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Drugs That Induce Labor

By Maria Ledbetter ; Updated June 13, 2017

The female body is designed to carry a pregnancy for 40 weeks, but sometimes it may need a little boost to get labor started. With a variety of methods available, labor-inducing drugs such as pitocin and misoprostol are the main choice for physicians. These drugs allow medical staff to control the intensity and rate of labor, while allowing the expectant mother to birth vaginally.


Pitocin is the synthetic version of the hormone oxytocin. This drug must be administered by nasal spray or injection, because the stomach and intestines destroy the hormone before it can be absorbed. Pitocin is used to stimulate uterine contractions, which will cause the woman to go into labor. It is also used to help increase contractions when labor fails to progress. Pitocin can decrease blood pressure, cause stronger contractions (when compared to non-pitocin contractions) and can increase the chance of a cesarean section. For someone with a past cesarean section who would like to attempt a vaginal birth after delivery (VBAC), it is important to discuss the risks of using this labor-inducing drug. The contractions associated with pitocin can cause hemorrhaging or uterine rupture.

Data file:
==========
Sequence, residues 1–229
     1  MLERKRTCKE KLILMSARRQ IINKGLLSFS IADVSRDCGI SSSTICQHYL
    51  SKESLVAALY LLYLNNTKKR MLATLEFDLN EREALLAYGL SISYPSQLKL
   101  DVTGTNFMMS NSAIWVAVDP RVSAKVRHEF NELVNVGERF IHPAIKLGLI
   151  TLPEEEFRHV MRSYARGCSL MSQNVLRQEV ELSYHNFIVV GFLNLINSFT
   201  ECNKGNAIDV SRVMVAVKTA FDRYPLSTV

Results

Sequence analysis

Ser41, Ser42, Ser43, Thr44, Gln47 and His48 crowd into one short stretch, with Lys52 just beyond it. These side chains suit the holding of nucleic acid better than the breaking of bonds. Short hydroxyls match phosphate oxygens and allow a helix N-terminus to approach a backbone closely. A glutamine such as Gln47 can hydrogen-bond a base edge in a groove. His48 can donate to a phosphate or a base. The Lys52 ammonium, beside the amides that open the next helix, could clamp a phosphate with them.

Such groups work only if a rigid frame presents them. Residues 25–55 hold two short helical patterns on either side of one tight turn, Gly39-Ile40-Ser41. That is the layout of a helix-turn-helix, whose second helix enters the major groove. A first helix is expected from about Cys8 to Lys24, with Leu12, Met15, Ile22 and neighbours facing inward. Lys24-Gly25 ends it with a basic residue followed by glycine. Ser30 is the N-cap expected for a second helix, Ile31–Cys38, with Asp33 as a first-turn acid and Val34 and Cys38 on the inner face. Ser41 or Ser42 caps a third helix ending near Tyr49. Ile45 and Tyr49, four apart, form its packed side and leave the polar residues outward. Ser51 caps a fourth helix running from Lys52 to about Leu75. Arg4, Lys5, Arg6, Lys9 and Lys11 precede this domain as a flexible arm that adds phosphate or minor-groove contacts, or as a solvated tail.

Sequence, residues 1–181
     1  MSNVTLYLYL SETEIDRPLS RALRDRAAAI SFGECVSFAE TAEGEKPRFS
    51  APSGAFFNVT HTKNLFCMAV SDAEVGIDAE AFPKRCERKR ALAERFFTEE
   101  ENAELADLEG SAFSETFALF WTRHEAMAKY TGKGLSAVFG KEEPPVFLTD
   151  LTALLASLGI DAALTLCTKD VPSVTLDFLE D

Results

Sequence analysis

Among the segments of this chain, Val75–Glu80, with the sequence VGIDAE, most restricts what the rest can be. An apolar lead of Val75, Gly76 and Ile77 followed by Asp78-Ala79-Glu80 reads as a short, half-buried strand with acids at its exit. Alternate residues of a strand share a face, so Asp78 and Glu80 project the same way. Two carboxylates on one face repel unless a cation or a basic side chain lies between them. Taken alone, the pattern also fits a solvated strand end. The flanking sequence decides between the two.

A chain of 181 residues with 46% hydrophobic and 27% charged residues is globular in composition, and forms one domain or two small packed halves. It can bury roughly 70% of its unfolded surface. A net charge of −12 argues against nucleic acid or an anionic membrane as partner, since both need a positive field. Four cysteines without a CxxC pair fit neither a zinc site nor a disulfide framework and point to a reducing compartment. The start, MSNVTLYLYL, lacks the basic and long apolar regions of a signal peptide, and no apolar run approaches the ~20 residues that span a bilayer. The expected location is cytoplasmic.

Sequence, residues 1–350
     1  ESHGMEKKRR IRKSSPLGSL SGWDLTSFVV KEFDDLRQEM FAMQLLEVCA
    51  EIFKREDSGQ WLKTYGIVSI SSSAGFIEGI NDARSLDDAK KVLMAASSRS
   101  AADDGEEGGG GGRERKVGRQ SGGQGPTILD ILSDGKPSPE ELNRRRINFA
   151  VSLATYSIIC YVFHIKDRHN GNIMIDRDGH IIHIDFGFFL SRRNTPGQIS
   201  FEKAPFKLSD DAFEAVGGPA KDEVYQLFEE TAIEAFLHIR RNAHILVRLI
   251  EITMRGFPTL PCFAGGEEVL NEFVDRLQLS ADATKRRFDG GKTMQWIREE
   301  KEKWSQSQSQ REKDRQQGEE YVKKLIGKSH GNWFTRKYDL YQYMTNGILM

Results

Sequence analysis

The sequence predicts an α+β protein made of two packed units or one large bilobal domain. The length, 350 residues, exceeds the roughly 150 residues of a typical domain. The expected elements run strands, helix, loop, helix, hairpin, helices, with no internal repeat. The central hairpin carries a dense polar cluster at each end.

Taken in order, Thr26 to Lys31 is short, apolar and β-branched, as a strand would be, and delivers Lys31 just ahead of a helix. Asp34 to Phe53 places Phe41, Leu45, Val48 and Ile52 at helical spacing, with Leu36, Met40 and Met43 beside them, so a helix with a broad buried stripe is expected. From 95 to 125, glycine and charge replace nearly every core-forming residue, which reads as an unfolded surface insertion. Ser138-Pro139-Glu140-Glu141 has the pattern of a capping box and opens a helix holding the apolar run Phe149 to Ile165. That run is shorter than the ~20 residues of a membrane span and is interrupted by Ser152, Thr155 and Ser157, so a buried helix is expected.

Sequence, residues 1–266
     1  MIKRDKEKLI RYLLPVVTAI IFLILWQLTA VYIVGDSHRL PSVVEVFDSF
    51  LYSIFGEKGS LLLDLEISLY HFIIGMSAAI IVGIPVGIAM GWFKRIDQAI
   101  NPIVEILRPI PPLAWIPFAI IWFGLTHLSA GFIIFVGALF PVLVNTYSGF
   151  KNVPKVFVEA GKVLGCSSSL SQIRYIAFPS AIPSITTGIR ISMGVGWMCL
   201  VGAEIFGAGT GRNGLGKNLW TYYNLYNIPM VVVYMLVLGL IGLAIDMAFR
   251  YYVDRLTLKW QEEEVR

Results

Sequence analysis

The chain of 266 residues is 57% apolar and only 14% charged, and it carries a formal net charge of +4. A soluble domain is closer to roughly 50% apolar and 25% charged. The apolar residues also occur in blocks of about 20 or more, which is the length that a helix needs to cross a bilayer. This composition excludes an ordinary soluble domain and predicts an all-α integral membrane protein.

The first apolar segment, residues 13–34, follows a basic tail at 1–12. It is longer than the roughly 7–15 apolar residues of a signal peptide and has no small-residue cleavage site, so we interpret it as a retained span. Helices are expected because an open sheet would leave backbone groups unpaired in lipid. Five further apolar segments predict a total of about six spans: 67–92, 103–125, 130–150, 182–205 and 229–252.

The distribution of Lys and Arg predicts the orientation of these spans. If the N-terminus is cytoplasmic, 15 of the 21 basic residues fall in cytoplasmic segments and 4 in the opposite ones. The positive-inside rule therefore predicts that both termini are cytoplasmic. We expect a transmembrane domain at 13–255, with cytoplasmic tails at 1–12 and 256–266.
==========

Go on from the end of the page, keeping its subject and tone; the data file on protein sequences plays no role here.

Misoprostol is a labor-inducing drug that is administered vaginally in order to ripen the cervix and to cause uterine contractions. This drug is also known as Cytotec and is a less-expensive option when compared to dinoprostone. According to a study conducted in 1999 by Dr. Peter Danielian from the Department of Obstetrics and Gynaecology at the Aberdeen Maternity Hospital, misoprostol proved to be more effective than pitocin and dinoprostone. In those trials, misoprostol allowed women to give birth within 24 hours of placement. This medication is not recommended for someone who has had a cesarean section, as a severe side effect, such as uterine rupture, could occur.


Dinoprostone, also known by the trade name Cevidil, is a prostaglandin E2 used to induce labor by softening the cervix and causing uterine contractions. This drug is a gel that is inserted vaginally by a health professional. If the initial goal of the drug has not be achieved within six hours, a repeat dose can be administered. This medication can cause several side effects, including fever, headache, dizziness, diarrhea, vomiting and upset stomach. It can also cause flushing of the skin. Like misoprostol, this drug is not recommended for someone who has had a cesarean section, because uterine rupture could occur.

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